Tuesday, 16 November 2010

C.Diff superbug in Britain, links to pigs?

This particular 027 strain, known as NAP 1 in North America seems to be pig associated. 

Other strains may be too. The writer first suspected a connection some years ago and started pressing publicly for tests on pigs. See here for Dutch research.

It first showed up in Britain in areas where he knew the pigs were ill with Circovirus (Lowestoft) and killed 22 hospital patients.

In Quebec, where hundreds of people died, the pigs were sick with Circovirus  too.

It now seems that things are worse in Britain than elsewhere. The pigs, still sick with Circovirus, remain untested for C.Diff.

Britain has highest rates of dangerous superbug in Europe: research

Britain has the highest proportion of a dangerous 'super-strain' of the hospital bug Clostridium difficile in Europe, according to a new study.

7:30AM GMT 16 Nov 2010

There are dozens of strains of C-diff, a bug which takes hold in vulnerable hospital patients who have been treated with antibiotics and causes severe diarrhoea and vomiting. It can be fatal.

Overuse of antibiotics and poor hygiene are thought to be the cause of the disease spreading.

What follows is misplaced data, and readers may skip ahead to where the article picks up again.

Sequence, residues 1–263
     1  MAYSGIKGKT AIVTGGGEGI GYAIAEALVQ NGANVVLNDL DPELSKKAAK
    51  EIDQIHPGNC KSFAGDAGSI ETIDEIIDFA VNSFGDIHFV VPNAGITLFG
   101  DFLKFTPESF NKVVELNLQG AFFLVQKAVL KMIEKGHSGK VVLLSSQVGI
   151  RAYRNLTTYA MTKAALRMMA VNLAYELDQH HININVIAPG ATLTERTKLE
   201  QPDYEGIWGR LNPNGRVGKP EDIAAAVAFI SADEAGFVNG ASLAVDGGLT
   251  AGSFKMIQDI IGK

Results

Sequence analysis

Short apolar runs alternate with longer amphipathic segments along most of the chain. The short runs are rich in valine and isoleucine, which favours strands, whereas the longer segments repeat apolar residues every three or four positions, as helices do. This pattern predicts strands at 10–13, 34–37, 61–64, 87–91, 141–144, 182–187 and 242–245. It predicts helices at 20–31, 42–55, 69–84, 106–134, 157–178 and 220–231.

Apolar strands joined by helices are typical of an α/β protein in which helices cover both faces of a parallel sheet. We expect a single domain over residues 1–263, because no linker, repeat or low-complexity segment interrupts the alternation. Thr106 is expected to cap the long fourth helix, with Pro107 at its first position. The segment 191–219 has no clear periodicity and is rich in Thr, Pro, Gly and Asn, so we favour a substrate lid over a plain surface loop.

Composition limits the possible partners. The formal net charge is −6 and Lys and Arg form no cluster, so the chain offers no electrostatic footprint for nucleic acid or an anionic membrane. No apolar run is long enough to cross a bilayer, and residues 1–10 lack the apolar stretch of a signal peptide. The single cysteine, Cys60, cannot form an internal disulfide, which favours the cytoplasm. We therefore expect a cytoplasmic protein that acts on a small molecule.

A new Europe-wide study investigated cases of C-diff in a selection of hospitals in 29 countries, examining a particularly dangerous strain called 027.

The results, published in The Lancet medical journal, show that across Europe, the 027 strain accounted for just five per cent of all C.diff cases, making it only the sixth most common variant.

But in the British hospitals where samples were tested, the rate was at least 25 per cent of C.diff cases, one in four.

The latest data from the Health Protection Agency shows there are around 25,500 C.diff cases in England a year meaning that if the pattern were reperated across the country then thousands of patients are suffering the more dangerous strain... (more)